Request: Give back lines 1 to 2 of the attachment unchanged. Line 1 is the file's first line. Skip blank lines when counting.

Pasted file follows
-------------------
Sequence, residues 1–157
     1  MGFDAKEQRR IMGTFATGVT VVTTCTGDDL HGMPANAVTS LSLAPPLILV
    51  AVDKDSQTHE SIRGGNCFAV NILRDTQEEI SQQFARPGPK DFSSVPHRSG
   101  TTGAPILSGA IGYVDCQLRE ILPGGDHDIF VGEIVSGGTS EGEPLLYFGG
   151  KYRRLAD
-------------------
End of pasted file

Sequence, residues 1–157
     1  MGFDAKEQRR IMGTFATGVT VVTTCTGDDL HGMPANAVTS LSLAPPLILV